-The only difference being, if we were to lose the primary data center (SQL01 and SQL02), then we would want to manually failover to the SQL03 DR server. Once the primary data center came back up, we would have to be careful with split brain activity where SQL01 and SQL02 think they are a cluster once they come back up, but SQL03 also thinks its is a cluster.

    Does this sound right? Any issues with this setup?

  • JJ-469859

    SSC Eights!

    Points: 893

    According to the Microsoft SQL Server AlwaysOn Solutions Guide for High Availability and Disaster Recovery, the way to determine the voting is as follows:

    Recommended Adjustments to Quorum Voting

    To determine the recommended quorum voting configuration for the cluster, apply these guidelines, in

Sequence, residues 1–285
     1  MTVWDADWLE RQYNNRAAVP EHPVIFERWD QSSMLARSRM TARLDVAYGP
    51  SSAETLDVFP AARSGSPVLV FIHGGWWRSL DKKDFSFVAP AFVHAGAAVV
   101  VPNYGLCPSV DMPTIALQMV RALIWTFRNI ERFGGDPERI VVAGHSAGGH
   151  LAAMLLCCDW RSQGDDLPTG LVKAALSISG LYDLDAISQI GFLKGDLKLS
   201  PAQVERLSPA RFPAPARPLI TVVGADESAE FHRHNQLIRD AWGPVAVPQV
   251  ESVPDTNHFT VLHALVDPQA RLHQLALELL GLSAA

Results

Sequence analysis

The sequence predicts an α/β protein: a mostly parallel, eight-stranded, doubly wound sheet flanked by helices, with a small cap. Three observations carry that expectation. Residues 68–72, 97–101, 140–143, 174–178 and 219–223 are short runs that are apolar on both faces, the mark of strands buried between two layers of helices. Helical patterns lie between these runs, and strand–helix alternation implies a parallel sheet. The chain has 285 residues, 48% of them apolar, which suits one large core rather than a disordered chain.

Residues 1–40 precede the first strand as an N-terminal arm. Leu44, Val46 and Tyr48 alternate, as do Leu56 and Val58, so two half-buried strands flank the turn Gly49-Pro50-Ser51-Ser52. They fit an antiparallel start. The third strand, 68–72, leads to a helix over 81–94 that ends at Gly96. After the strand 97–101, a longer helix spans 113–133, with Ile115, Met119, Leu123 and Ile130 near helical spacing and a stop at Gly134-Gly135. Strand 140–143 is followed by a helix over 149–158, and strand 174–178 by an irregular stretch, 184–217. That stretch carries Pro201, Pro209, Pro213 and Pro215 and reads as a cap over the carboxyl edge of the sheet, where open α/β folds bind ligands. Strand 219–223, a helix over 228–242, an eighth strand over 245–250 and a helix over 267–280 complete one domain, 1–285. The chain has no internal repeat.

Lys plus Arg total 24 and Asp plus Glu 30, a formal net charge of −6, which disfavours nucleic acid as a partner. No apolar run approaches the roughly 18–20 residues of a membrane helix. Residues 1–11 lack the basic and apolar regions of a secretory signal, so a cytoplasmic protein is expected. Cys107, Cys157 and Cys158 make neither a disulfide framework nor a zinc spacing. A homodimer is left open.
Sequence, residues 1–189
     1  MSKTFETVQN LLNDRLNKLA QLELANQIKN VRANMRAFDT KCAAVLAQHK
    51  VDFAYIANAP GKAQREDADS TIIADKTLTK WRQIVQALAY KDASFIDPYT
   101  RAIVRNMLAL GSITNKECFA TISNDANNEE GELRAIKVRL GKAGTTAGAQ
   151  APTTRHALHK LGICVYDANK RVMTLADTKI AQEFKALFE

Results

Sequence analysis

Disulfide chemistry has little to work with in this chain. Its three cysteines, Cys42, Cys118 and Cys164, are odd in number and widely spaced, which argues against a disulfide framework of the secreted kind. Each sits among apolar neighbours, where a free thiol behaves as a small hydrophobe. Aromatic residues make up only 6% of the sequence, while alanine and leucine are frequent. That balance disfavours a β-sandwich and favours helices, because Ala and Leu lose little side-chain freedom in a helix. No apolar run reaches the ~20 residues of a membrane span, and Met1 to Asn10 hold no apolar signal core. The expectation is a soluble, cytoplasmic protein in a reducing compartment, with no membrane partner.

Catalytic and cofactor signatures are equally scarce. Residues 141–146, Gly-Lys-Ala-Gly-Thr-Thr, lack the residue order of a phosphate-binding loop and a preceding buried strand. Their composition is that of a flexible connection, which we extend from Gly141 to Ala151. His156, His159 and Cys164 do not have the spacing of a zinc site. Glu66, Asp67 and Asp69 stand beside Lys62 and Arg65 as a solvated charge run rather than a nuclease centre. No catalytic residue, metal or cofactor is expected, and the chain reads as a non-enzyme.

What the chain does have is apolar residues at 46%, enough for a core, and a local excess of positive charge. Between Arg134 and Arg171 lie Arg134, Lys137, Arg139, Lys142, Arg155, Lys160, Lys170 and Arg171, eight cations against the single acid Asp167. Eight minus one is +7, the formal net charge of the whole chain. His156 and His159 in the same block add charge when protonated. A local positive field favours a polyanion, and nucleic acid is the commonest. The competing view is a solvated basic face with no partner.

sequential order:

    1. No vote by default. Assume that each node should not vote without explicit justification.

    2. Include all primary nodes.Each node that hosts an AlwaysOn Availability Group primary replica or is

    the preferred owner of the AlwaysOn Failover Cluster Instance should have a vote.

    3. Include possible automatic failover owners.Each node that could host a primary replica or FCI, as

    the result of an automatic failover, should have a vote.

    4. Exclude secondary site nodes.In general, do not give votes to nodes that reside at a secondary

    disaster recovery site.You do not want nodes in the secondary site to contribute to a decision to

    take the cluster offline when there is nothing wrong with the primary site.

    5. Odd number of votes.If necessary, add a witness file share, a witness node (with or without a SQL

    Server instance), or a witness disk to the cluster and adjust the quorum mode to prevent possible

    ties in the quorum vote.

    6. Reassess vote assignments post-failover.You do not want to fail over into a cluster configuration

    that does not support a healthy quorum.